Despite the archaic name, rare earth elements are fairly common; just look at the ubiquity of Neodymium (Nd), used throughout modern pro audio equipment. While Nd isn’t rare, however, it is expensive, with a price tag that’s gone out of control in recent years—enough so that the pro audio industry is having second thoughts about its use.

In the audio world, you usually hear about the element in terms of Neodymium magnets, which are made from an alloy of neodymium, iron and boron. “Neodymium magnets are the strongest class of permanent magnets that can be made,” said Jason Cambra, COO of Fishman Transducers. “Their maximum energy product is on the order of 10 times that of their ferrite or ceramic counterparts. Because of this, significantly smaller, more compact and lighter weight designs and implementations are possible. In many cases, certain products would simply not exist without employing a neodymium solution.”

While they can be found in everything from microphones to headphones to guitar pickups, Nd magnets have had the most visible impact in loudspeaker designs, ever since Electro-Voice pioneered their use with its large-format N/DYM-1 compression driver, introduced in 1988. Since then, the magnets have become a favorite of many designers thanks to their smaller weight and size. “More components can be packed into less space with it,” explained Kenton Forsythe, EAW founder and senior vice president of engineering. “This can be a very significant advantage in system design. Weight savings are at least 50 percent over ceramic structures, which can be a very important figure in portable product.”

Another important figure, however, is Neodymium’s cost, which has exploded. “Neodymium magnets began a relatively reasonable and steady increase in January of 2009,” began Cobi Stein, marketing director at Eminence Speaker. “Those increases gained significant momentum in 2010. In March of 2011—and virtually overnight—the cost of many of our neodymium magnets increased over 100 percent from what they were just days before. Now, we have some neodymium magnets that have increased as much as 300 percent since January 1, 2011.”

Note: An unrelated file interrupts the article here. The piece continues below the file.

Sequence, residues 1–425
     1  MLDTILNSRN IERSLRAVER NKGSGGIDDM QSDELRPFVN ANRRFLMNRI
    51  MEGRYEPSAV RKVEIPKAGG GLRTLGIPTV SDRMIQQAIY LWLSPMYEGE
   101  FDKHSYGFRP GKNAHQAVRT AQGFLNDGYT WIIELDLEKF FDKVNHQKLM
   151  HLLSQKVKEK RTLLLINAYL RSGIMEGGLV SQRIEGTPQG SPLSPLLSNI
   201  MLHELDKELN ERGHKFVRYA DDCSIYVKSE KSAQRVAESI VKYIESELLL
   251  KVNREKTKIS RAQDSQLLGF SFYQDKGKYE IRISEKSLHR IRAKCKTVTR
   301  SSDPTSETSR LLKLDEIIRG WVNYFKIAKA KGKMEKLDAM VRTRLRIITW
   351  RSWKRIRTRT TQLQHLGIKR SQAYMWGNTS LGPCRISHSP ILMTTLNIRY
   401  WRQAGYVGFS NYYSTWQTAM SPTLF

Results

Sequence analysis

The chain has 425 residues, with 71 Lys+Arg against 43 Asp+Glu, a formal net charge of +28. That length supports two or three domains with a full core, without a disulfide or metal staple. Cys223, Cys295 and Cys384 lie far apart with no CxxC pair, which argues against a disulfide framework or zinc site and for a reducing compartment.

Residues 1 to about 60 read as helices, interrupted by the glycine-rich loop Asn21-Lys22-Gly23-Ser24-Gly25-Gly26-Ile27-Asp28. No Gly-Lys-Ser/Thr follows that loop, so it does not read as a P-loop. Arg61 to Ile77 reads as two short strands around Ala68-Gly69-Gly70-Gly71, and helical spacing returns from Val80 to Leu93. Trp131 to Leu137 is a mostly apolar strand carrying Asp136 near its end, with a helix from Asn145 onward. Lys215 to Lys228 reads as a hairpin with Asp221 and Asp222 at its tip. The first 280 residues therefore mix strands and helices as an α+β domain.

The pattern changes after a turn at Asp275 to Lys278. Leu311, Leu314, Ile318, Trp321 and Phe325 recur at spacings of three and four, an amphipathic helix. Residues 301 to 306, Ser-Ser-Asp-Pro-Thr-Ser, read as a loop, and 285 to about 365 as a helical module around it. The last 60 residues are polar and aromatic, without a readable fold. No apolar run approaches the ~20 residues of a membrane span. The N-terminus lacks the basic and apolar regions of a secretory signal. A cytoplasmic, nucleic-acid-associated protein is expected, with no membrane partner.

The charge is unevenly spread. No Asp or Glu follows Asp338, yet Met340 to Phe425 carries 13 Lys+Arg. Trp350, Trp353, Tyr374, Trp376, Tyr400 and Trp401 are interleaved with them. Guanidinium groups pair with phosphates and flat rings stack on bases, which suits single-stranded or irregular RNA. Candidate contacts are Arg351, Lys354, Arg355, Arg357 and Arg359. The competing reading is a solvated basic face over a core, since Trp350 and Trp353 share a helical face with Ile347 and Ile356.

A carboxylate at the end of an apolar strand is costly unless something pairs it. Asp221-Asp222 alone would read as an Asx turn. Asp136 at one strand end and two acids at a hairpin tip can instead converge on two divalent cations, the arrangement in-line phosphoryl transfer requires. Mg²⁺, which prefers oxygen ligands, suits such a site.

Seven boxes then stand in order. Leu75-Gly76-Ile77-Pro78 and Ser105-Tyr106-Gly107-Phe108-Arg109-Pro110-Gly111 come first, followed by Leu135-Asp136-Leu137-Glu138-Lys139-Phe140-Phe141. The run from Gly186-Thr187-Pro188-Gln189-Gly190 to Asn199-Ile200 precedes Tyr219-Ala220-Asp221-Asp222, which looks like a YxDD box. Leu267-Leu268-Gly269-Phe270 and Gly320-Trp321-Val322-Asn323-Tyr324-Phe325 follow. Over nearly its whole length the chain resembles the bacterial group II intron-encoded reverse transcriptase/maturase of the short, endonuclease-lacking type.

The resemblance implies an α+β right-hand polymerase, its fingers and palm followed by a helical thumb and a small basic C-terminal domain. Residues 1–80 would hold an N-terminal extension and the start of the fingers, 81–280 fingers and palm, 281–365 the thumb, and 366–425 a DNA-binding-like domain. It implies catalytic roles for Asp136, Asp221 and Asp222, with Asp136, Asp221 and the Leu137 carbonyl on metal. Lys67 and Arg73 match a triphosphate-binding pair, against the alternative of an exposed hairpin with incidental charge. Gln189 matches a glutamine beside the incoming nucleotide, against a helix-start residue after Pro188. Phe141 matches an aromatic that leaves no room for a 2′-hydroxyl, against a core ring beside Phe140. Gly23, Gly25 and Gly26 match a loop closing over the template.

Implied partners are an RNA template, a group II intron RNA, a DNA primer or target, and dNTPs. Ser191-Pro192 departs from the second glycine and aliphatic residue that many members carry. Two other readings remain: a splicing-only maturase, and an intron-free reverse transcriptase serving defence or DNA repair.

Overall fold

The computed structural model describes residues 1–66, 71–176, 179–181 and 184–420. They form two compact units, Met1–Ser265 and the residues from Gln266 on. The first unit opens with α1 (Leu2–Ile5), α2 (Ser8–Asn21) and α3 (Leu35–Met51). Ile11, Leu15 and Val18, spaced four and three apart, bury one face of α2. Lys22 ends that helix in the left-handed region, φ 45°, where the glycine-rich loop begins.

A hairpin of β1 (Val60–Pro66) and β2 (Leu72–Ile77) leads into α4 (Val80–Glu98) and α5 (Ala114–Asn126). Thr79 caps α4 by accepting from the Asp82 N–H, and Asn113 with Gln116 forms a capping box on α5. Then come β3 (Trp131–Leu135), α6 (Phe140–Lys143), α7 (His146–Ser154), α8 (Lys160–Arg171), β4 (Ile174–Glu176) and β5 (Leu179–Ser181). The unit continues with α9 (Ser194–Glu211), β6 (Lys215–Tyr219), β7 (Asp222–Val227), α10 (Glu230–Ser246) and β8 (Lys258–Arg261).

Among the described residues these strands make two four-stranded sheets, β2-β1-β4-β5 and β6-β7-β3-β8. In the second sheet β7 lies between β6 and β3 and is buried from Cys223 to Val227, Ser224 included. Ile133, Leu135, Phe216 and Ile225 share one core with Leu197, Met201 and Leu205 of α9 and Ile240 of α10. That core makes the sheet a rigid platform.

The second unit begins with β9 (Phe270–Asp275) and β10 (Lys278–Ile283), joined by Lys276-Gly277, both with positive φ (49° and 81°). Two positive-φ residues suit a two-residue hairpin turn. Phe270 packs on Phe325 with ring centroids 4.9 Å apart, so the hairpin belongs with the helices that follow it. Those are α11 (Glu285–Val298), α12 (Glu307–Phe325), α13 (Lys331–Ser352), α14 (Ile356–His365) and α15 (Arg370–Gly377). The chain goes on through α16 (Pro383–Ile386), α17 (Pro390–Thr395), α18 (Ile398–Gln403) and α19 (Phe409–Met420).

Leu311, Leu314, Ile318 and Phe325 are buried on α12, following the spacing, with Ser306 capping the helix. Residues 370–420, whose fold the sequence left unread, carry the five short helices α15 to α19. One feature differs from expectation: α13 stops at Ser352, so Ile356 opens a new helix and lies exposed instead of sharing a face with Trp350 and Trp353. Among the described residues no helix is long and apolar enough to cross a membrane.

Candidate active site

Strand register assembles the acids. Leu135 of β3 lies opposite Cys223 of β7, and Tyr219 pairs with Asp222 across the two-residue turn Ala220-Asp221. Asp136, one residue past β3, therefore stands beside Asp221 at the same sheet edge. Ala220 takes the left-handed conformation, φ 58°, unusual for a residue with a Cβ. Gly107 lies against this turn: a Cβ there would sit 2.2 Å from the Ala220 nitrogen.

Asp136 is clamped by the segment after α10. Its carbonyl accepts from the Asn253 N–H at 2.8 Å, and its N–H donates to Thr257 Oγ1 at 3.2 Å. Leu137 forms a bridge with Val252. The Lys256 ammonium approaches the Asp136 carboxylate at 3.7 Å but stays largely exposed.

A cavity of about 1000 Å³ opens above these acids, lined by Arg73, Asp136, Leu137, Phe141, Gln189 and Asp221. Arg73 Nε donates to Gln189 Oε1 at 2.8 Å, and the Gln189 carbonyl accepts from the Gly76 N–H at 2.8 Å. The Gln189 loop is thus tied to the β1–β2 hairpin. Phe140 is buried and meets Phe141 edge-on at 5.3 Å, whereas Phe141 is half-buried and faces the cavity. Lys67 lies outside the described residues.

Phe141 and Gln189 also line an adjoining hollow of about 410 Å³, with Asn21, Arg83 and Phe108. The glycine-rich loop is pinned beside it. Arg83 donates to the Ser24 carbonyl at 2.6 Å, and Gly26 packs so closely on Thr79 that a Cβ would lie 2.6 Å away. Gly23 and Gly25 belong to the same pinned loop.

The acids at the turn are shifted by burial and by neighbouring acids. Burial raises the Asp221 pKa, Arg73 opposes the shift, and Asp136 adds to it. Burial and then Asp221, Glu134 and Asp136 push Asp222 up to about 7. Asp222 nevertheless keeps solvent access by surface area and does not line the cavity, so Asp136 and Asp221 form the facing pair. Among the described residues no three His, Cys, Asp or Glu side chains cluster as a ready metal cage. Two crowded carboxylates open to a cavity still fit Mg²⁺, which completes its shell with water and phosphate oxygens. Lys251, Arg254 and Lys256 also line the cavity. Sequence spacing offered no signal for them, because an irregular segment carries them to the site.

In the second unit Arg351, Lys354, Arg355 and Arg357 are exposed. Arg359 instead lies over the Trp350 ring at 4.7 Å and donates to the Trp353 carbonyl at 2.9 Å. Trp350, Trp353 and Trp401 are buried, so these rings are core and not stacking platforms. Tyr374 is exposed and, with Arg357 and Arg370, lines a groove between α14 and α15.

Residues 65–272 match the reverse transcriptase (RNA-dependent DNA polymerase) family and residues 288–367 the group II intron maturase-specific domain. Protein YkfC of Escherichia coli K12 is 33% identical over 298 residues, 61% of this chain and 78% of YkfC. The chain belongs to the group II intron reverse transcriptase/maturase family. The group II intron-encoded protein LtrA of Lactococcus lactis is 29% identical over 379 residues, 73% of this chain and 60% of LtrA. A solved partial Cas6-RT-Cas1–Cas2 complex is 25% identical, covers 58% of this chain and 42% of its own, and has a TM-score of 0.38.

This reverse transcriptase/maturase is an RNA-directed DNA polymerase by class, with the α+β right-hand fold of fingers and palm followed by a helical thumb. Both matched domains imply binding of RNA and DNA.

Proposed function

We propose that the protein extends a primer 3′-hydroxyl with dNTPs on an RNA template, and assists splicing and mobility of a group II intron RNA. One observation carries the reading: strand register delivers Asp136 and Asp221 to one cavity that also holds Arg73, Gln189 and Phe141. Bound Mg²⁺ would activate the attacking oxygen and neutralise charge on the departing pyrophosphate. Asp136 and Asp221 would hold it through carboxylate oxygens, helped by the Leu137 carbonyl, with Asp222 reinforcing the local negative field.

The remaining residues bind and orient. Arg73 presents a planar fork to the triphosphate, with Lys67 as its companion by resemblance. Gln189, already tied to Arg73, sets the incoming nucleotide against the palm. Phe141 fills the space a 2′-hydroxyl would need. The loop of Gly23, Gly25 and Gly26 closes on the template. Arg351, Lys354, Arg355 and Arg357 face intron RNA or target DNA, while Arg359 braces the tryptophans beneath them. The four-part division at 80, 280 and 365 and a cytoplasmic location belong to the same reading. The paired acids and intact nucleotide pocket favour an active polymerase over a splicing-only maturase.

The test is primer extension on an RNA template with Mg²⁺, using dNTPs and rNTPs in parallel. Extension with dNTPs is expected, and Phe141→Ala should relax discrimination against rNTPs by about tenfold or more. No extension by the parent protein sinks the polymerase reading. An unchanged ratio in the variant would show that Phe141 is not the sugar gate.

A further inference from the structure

China produces 97 percent of all Nd in the world, as it has for some time, due to lower production costs and less stringent environmental protection laws. In recent times, however, the Chinese government has curbed its rare earth exports (more than 30 percent in 2010 alone), and in February, outlined a five-year plan to increase state oversight of rare earths, raise environmental standards, crackdown on smuggling, stop illegal mining and more.

Additionally, in April, China imposed a severe new tax on rare earth mineral producers (old tax: between 8-46¢ a ton; new tax: $9.15 a ton), while also announcing it was pruning back their export by up to 35 percent in the first half of this year. Next up, China’s Ministry of Environmental Protection has laid out new, tougher rules on emission limits for producing rare earths that will take effect in October—a move expected to drive prices up and push production down even further.

Pro audio hardly has the Neodymium market to itself, however; Nd is used in everything from jet engines and cell phones, to hybrid cars and MRI machines. In testimony before a Congressional committee earlier this month, the U.S. Geological Survey predicted global demand for the minerals will increase at a rate of 8 percent a year. As Bill Gelow of Electro-Voice pointed out, “Windpowered generators require Nd, as do electric motors in vehicles, and the audio industry is not a high-volume user in comparison to these markets.”

What this means for pro audio varies from company to company, but suffice it to say that this is a touchy subject; more than one manufacturer declined to be interviewed for this story, likely because of what Nd price volatility means for customers down the line. “This has a notable impact on the cost and therefore also the price of some of our products— specifically on those which use more and larger neodymium magnets,” said Alex Tatini, owner of Italian slim-line loudspeaker manufacturer, K-array. “It’s fair to say that it’s a big factor.”